- The supplies include blood group testing kits, drug supplies, first aid medicines and medical supplies to hospitals.
- WHO is also supporting the Ministry of Health and Human Services with emergency health kits to respond to common illness needs of 10,000 people for a duration of three months. Additional supplies are being pre-positioned for deployment as needed.
U.N. AGENCIES ASSIST MIGRANTS, REFUGEES IN LIBYA’S SABRATHA AFTER ABUSE ‘ON A SHOCKING SCALE’
- From Libya, the UN Migration Agency, IOM, reports that in the aftermath of weeks of conflict in Sabratah, it is providing support to more than 14,000 migrants, previously held in numerous informal detention centres and camps. Since the outbreak of the crisis, 6,700 migrants have received relief packages, which include mattresses, blankets, pillows and hygiene kits at six separate locations, and more than 100,000 meals have been provided in Zuwara and Sabratha. IOM has also responded to the vast health needs and conducted 1,631 medical interventions. The agency is concerned about the large number of migrants transferred to detention and strongly advocates for alternatives.
- For its part, UNHCR has delivered more than 15 truckloads of relief items, including sleeping mats, mattresses, blankets, hygiene kits and winter jackets. UNHCR colleagues on the front lines describe a picture of human suffering and abuse on a shocking scale. Amongst the refugees and migrants who suffered abuse at the hands of smugglers, there are pregnant women and new born babies. Scores of them are in need of urgent medical care, with some suffering from bullet wounds and other visible signs of abuse. Most of them say that they were subjected to numerous human rights abuses, including sexual and gender-based violence, forced labour and sexual exploitation.
U.N. PEACEKEEPING CHIEF VOICES CONCERN OVER SITUATION IN SOUTH SUDAN, CALLS FOR END OF CONFLICT, BETTER ACCESS
- The Under-Secretary-General for Peacekeeping Operations, Jean-Pierre Lacroix, briefed the Security Council on South Sudan this morning. He said that the security and human rights situation in the country remain extremely concerning and that within the tense environment, the government’s security institutions as well as opposition forces continue to restrict the UN Mission’s freedom of movement. He added that despite a highly effective humanitarian operation, without a reduction in conflict and improved access, humanitarian indicators are likely to continue to deteriorate.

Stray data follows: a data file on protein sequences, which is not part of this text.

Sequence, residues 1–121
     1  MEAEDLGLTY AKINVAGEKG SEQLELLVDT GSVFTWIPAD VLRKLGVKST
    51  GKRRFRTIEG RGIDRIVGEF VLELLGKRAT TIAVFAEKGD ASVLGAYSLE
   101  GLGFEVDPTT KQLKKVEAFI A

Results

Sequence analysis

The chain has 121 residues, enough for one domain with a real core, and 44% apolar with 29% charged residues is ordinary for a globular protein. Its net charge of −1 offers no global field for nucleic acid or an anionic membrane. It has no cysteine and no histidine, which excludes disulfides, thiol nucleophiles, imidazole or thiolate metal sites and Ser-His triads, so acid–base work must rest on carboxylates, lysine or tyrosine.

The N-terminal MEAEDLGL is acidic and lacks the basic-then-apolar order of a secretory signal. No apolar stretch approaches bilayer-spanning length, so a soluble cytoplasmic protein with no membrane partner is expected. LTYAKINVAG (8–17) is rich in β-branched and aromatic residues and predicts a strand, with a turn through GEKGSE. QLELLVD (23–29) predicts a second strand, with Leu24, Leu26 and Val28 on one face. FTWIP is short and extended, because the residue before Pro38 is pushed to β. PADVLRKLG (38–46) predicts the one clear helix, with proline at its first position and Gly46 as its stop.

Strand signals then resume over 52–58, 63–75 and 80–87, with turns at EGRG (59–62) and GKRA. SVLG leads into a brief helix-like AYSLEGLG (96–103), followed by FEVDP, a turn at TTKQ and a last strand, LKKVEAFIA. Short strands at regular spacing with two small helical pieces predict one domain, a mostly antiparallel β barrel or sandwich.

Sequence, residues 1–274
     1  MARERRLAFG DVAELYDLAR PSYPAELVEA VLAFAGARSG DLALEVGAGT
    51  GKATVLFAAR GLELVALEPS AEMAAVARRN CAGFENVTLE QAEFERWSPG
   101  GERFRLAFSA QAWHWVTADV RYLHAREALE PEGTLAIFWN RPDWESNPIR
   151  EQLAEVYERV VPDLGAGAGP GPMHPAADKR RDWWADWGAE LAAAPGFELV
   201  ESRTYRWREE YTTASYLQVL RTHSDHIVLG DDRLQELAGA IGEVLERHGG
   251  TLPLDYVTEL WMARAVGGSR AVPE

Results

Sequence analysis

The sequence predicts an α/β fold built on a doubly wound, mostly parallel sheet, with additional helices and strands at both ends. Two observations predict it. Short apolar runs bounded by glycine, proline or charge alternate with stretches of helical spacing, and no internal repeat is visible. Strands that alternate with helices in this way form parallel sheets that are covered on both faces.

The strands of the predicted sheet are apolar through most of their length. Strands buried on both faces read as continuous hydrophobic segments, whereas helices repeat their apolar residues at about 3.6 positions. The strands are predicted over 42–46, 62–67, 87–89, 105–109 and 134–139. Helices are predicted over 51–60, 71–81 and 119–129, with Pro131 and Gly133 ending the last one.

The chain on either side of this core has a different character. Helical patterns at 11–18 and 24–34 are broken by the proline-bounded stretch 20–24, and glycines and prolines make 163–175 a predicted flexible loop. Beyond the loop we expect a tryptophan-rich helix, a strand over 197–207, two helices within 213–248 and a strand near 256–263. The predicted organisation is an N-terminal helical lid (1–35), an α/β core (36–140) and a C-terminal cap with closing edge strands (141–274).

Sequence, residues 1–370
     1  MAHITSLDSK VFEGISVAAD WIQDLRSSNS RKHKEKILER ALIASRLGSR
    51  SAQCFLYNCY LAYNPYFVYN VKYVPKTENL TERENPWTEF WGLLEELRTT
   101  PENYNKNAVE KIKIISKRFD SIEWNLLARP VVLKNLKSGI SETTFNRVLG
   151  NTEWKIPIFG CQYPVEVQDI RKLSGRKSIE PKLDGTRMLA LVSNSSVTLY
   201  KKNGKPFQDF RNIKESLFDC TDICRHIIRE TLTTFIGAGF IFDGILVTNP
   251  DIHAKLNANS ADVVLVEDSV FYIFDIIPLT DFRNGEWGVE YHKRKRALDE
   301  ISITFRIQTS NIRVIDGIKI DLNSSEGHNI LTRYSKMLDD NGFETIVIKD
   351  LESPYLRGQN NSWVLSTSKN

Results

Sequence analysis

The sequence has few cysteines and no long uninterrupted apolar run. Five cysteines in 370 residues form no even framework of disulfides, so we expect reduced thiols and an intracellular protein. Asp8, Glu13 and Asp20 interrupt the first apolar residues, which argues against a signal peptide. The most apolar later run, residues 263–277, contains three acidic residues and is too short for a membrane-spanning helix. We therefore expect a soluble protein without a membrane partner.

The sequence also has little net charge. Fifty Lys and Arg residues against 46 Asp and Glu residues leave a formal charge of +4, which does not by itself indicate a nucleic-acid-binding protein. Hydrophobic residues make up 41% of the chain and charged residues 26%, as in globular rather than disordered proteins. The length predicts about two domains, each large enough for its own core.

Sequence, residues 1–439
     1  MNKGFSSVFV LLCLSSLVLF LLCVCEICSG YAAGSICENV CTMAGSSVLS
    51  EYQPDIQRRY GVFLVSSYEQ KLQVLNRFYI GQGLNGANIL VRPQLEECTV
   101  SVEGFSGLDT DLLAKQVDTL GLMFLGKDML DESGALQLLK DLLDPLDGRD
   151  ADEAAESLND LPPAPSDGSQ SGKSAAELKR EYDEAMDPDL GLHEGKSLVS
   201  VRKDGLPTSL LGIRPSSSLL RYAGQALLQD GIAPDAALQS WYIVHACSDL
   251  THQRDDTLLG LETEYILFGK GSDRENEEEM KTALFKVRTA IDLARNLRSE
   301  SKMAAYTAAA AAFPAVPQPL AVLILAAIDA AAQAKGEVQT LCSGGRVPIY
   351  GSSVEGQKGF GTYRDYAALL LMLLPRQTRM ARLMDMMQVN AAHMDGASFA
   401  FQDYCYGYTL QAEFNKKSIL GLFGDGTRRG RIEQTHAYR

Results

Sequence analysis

- With regard to the political process, Mr. Lacroix said that the conflict is a direct outcome of a prolonged disproportionate access to power and wealth. He said that all future dispensations must therefore rest on the principle of inclusivity that leads to equitable power and wealth-sharing. He added that South Sudan has been held hostage to personality politics and conflicts and that all processes and international support must strive to build institutions so that politics shifts from ownership by individuals to those institutions that must be accountable to the people of South Sudan.
UNESCO CHIEF CONDEMNS KILLING OF MALTESE JOURNALIST
- The Director-General of the UN Educational, Scientific and Cultural Organization (UNESCO) has condemned the killing yesterday of investigative journalist Daphne Caruana Galizia in Malta.
- She welcomed the pledge by the Prime Minister of Malta to bring to justice this crime committed not just against a person but against the rights of freedom of expression and freedom of information, which are essential to democracies everywhere.
U.N. ENVIRONMENT AGENCY ANNOUNCES PARTNERSHIP WITH RABOBANK TO SUPPORT CLIMATE SMART AGRICULTURE
- The UN Environment Programme today announced a billion-dollar partnership with Rabobank to support climate smart agriculture.
- The partnership consists of the creation of a new facility to provide grants and credit to clients involved in sustainable agricultural production, processing or the trade of commodities who adhere to strict provisions for forest protection, restoration and the involvement of small land holders.
SECRETARY-GENERAL WELCOMES ESTABLISHMENT OF NEW U.N. MISSION IN HAITI
- Yesterday, in a statement, the Secretary-General welcomed the establishment of the UN Mission for Justice Support in Haiti (MINUJUSTH), following the end of MINUSTAH.
- The closure of MINUSTAH is a testament to Haiti’s progress over the past 13 years and MINUJUSTH reflects the commitment of the UN to continue supporting the consolidation of peace and promotion of stability in Haiti.
- MINUJUSTH will assist the Haitian Government to strengthen rule of law institutions, further develop the capacities of the national police and advance human rights. The national police can rely on operational support from MINUJUSTH, when needed, to maintain law and order throughout the territory.
SECRETARY-GENERAL ‘ENCOURAGED’ BY AGREEMENT TO INTENSIFY NEGOTIATION PROCESS ON NAGORNO-KARABAKH
- In a statement, the Secretary-General welcomed the summit held yesterday in Geneva between the President of the Republic of Armenia, Serzh Sargsyan, and the President of the Republic of Azerbaijan, Ilham Aliyev, organized under the auspices of the Co-Chairs of the OSCE Minsk Group.
- He is encouraged by the Presidents’ agreement to take measures to intensify the negotiation process and to take additional steps to reduce tensions on the Line of Contact.
- The Secretary-General reiterates the United Nations’ support for the ongoing mediation efforts of the Co-Chairs and encourages the sides to build on the positive momentum created by this summit to reach a peaceful negotiated settlement of the Nagorno-Karabakh conflict.
SECRETARY-GENERAL CALLS FOR INCREASED EFFORTS TO ERADICATE POVERTY, ADDRESS ROOT CAUSES
- Today is the International Day for the Eradication of Poverty. This year’s theme is Answering the Call of October 17 to end poverty: A path toward peaceful and inclusive societies.
- In a video message to mark the Day, the Secretary-General called on countries to redouble efforts to eradicate poverty in its entirety by working to achieve the 2030 Sustainable Development Agenda.
- In particular, he called for addressing the root causes of poverty, and in doing so to listen to the views and guidance of people living in poverty and acting together with them.